In 1838, the match was played in Edinburgh for a grand prize of £10, and Anderson came out the winner; in 1840 they played yet another checkers match in Edinburgh, with a purse of £40 this time, but again Anderson succeeded as the winner; 1840 saw Anderson and Wyllie meet in the Clydesdale Hotel and play for £100, and once again Anderson was the winner of the checkers match; then in Carluke in 1844 they played for a purse of £130, but this time, Wyllie won the match, and Anderson's only loss was attributed to the death of his wife, Catherine, shortly before the match so that his concentration was truly not on the checker games; and finally, in 1847, Wyllie and Anderson met in the Robin Hood Tavern of Edinburgh and played for £40, with Anderson coming away as the winner once more.

Although little detailed historical information exists from the period between the 1830’s and 1840’s, it could be said that Andrew Anderson was the greatest player ever of that time, considering his undefeated career. It was indeed a feather in Anderson’s cap to have beaten the great James Wyllie at checkers, especially considering that Anderson defeated Wyllie four out of five matches.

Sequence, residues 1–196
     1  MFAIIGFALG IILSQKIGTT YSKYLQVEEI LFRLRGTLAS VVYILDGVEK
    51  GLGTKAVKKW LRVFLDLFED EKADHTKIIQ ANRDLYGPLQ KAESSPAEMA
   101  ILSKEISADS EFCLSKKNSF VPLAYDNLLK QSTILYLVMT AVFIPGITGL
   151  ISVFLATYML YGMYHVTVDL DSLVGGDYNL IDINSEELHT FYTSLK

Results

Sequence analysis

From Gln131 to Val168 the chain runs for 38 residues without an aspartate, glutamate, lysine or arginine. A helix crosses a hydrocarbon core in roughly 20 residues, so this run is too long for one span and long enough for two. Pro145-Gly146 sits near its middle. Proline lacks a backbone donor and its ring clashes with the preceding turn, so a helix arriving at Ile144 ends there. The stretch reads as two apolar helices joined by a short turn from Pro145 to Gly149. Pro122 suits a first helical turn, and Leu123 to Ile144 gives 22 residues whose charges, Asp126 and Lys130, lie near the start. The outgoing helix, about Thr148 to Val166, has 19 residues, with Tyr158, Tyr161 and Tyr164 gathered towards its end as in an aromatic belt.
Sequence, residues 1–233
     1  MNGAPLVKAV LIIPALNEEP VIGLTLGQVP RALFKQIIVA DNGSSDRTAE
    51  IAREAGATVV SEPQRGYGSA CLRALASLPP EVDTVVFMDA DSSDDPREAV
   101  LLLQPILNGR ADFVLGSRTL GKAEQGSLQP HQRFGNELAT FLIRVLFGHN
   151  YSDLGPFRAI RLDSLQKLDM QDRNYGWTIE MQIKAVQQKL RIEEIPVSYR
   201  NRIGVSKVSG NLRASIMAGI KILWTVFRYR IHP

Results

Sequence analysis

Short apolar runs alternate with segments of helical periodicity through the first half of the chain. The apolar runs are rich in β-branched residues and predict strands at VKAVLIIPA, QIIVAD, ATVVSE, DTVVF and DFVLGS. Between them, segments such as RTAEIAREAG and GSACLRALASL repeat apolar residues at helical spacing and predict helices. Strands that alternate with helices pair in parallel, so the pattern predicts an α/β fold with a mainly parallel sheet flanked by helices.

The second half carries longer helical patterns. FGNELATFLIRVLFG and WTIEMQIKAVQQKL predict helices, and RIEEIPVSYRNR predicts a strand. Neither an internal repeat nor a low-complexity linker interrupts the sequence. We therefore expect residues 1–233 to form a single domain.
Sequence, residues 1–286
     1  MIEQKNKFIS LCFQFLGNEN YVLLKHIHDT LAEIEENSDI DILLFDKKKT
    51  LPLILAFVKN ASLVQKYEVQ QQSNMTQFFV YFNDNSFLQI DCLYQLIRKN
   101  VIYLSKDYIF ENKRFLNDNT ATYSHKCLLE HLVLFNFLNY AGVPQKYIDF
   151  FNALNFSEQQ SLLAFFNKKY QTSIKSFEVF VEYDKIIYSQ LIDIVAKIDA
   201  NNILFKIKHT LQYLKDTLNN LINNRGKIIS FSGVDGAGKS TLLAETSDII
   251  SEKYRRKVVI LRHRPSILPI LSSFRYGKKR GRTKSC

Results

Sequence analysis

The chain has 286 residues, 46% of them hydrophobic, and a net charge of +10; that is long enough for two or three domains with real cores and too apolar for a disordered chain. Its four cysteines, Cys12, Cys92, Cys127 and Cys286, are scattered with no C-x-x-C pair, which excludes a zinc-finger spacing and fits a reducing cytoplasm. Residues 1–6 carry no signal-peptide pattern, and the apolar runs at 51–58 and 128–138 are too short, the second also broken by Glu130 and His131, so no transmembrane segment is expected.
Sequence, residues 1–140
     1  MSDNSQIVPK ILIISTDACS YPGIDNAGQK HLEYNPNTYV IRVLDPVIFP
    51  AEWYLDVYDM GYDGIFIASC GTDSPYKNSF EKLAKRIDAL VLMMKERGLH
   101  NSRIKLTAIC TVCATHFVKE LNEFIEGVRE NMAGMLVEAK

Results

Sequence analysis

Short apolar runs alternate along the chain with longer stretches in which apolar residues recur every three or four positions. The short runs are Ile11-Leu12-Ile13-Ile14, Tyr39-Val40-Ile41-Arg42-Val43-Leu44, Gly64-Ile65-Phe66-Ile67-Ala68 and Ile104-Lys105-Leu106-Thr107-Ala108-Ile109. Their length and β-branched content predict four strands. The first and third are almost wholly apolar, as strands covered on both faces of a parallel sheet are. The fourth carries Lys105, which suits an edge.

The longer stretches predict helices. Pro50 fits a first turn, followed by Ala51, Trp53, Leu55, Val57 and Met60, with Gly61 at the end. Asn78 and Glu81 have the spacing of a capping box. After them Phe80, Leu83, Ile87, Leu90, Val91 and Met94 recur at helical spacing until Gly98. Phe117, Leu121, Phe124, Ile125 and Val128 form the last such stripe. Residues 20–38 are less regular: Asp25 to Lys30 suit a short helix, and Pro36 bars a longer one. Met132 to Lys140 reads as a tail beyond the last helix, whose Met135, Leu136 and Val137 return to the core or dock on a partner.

In 1848, Andrew Anderson wrote the first edition of his book called The Game of Draughts Simplified and Illustrated, wherein the checkers game was discussed on a scientific basis. His book, published in Lanark, clearly displayed an analysis of the highest standard, and he showed himself to be an author of outstanding ability. Andrew carried his game skills to a new level in his written work.

In 1852, checkers champion Andrew Anderson published a second edition of his book, The Game of Draughts Simplified and Illustrated. This later printing was the important one, as it introduced a better arrangement of the play, standardized the laws of the game, fixed the nomenclature of the openings, and since Anderson was one of the finest players of the checkers game, also excelled in accuracy. In Anderson's time, little was known about the openings beginning with any move other than 11-15, and it was not until more than thirty years later that the other openings received more adequate recognition. These moves were recognized in Robertson's Guide to the Game of Draughts, and perhaps better still in Lees' Guide (1892).

Andrew Anderson, along with his friend,John Drummond, coined the practice of naming the various openings in checkers to give the game a frame of reference, and of course, this is something that has survived into game play today.

The Checkers World Champion was a skilled and superb player as well as an author of exceptional ability: as a player, Anderson demonstrated fine judgment and excellent analysis; as an author, his writing, though perhaps not an easy road to follow for all players, was always extremely popular and well used as reference material.